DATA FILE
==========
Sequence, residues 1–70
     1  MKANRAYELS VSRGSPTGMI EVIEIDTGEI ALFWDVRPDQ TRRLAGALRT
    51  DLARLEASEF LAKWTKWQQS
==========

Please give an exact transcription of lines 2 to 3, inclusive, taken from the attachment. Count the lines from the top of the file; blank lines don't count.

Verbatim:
     1  MKANRAYELS VSRGSPTGMI EVIEIDTGEI ALFWDVRPDQ TRRLAGALRT
    51  DLARLEASEF LAKWTKWQQS